When I talk to another developer about a feature, I want to know that when one of us says “HTML5” we are both talking about that particular specification. When we use terms like “WOFF” or “WebGL” I have comfort knowing the developer has a particular set of technical standards in mind, but when one of us says “HTML5” we each have to pause to consider what related specification the other might actually mean.
It seems fair to raise what sounds like a semantic point when we are discussing a specification that is all about encoding content in semantic and structural elements. I don’t think I should let this go, otherwise it feels like I have failed the semantic goal of HTML right at the outset.
What Motivated the Mini-Rant
Another free and fantastical service was released to the web development community on Tuesday, HTML5 Please. The same folks who also brought us sites like HTML5 Boilerplate, Modernizr and CSS3 Please are the fine team behind this resource. And this is part of the reason why I am so frustrated. Each of them knows the difference between HTML, CSS, and unrelated specifications like WOFF, SVG, Geolocation, WebGL, and so on.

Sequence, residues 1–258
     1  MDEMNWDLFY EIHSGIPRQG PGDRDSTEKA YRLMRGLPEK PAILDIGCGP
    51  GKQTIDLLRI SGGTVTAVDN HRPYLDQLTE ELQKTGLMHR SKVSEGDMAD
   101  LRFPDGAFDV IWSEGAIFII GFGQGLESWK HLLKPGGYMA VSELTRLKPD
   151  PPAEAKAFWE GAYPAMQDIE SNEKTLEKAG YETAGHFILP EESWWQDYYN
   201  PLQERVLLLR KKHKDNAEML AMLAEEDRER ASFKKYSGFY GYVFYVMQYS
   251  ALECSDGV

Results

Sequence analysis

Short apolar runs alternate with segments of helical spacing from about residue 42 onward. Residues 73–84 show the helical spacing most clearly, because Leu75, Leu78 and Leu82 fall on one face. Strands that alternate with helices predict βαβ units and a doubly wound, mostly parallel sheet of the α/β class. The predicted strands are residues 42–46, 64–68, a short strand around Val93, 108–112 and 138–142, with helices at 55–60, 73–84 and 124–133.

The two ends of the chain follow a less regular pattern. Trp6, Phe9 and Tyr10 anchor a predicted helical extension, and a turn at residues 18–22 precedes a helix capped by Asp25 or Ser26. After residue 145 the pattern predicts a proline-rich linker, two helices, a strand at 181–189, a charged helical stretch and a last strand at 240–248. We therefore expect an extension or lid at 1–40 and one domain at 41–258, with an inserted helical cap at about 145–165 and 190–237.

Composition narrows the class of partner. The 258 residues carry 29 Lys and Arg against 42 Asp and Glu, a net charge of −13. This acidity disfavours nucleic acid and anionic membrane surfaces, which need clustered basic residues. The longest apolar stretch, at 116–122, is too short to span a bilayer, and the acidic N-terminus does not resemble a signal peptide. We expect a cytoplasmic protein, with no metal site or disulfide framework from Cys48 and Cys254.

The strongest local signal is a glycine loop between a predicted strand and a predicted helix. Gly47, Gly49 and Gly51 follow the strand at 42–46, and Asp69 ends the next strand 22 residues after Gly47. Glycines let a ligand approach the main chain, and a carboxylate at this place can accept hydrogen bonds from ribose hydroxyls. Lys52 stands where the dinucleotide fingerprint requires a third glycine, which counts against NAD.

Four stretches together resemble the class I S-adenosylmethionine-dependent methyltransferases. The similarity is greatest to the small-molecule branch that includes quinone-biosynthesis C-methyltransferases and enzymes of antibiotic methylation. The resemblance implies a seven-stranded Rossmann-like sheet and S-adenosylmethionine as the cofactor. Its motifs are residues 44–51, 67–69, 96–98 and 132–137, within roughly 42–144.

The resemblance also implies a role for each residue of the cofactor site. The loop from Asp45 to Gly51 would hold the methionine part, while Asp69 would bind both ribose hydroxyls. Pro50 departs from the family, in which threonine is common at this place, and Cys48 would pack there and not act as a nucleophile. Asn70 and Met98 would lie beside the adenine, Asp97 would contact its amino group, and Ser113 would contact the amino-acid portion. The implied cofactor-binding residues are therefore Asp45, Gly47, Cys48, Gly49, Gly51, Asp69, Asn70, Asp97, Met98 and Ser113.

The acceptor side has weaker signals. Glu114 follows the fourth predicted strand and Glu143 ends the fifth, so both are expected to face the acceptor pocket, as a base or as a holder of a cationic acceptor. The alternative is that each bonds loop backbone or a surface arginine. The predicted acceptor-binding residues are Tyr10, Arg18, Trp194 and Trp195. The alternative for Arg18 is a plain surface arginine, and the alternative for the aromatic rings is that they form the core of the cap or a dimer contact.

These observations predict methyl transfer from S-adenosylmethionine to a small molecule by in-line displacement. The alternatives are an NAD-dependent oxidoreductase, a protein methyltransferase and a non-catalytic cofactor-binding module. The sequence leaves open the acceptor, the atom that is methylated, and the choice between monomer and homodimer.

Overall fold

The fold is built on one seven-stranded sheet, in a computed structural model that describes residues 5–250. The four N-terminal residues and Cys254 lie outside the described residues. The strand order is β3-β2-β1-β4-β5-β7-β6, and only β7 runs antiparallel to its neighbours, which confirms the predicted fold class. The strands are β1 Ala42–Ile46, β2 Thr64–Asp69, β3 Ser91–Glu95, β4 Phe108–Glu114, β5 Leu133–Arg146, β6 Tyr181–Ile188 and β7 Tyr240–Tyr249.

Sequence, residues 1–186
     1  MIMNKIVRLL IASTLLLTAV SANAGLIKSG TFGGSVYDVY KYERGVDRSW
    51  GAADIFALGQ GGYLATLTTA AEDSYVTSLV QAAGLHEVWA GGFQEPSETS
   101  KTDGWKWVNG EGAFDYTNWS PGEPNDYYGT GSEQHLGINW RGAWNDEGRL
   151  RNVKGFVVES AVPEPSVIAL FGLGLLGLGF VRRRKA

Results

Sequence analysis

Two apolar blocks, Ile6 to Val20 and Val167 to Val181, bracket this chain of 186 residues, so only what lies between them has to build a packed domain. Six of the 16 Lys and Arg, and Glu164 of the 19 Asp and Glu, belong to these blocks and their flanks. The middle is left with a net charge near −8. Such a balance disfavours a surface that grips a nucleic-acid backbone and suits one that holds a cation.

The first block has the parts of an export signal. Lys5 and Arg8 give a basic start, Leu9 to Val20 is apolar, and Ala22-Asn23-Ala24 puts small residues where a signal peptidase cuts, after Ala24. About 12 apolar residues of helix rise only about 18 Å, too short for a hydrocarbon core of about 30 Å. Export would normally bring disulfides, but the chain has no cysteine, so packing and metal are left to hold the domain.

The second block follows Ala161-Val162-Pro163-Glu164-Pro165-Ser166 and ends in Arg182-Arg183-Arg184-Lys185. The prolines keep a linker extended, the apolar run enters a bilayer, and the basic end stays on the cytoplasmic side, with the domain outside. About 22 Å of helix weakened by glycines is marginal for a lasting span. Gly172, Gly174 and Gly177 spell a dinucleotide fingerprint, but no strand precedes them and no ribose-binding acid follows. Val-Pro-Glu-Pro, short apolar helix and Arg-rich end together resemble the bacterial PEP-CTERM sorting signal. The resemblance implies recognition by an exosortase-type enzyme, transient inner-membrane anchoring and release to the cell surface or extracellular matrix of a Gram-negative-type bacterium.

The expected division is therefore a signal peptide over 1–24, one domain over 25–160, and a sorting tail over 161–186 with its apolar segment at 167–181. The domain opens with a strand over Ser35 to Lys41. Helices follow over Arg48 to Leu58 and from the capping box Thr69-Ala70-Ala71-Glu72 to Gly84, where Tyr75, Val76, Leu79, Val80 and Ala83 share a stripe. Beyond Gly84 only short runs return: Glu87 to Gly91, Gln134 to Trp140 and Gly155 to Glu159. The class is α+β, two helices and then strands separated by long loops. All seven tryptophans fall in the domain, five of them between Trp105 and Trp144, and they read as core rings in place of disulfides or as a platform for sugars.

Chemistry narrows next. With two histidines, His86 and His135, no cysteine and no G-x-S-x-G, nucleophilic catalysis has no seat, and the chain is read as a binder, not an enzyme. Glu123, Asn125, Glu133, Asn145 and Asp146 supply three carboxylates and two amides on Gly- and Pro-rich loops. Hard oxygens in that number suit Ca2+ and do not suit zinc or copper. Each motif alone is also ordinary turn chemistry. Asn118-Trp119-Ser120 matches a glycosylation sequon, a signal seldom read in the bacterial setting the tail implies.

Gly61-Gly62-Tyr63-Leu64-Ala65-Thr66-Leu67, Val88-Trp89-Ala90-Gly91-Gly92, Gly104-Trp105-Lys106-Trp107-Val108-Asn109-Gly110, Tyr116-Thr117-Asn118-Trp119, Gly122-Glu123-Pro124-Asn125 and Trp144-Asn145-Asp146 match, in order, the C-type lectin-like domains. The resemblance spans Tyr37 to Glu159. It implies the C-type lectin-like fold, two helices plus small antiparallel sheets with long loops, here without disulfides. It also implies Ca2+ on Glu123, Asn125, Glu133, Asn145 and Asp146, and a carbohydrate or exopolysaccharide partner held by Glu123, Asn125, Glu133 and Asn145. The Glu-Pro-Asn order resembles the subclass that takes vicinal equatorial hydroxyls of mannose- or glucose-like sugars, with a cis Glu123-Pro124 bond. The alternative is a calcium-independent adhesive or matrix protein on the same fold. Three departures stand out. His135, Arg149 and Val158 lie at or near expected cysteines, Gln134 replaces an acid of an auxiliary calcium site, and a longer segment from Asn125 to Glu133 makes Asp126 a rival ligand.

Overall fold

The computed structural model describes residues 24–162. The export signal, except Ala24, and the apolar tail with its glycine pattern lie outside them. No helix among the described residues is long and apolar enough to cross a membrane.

In a (Google-doc-brokered) conversation with Ian Devlin (author of HTML5 Multimedia: Develop and Design), Paul Irish (one of the folks behind HTML5 Please) agreed to add a disclaimer to the site for the chronically unlikely-to-read-any-specifications-or-bother-to-know-the-differences-among-them. Mr. Irish made short work of it, too:
On Wednesday I went back to the site and noticed that the disclaimer was gone. I tweeted about it and was ultimately directed to a bug/issue report that provided justification for its removal:
[…] However, HTML5 represents an umbrella term for all new technologies (as is inferred from platform.html5.org). Also, the specification itself is now a living standard known as HTML and not HTML5.
Of course I was motivated to leave a comment:
I feel the ship has sailed when trying to communicate this point to the general public, tech writers, bosses, clients, and small children up the street. However, since the site is aimed at developers I think it does a disservice to not remind them that HTML5 means a very particular specification, and that it makes it easier in the future to cite new specifications that will be supported on the site (as they come up), but are otherwise distinct. For those who do know better (me, a couple folks above), it just looks like the site got it wrong and doesn’t understand the difference itself.